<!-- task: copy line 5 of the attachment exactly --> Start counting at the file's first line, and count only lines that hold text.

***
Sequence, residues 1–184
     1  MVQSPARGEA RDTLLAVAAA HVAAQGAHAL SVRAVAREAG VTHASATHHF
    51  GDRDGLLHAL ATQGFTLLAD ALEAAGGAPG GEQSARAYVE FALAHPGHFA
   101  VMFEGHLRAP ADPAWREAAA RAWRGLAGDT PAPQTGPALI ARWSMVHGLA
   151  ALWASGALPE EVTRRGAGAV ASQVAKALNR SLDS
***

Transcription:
   151  ALWASGALPE EVTRRGAGAV ASQVAKALNR SLDS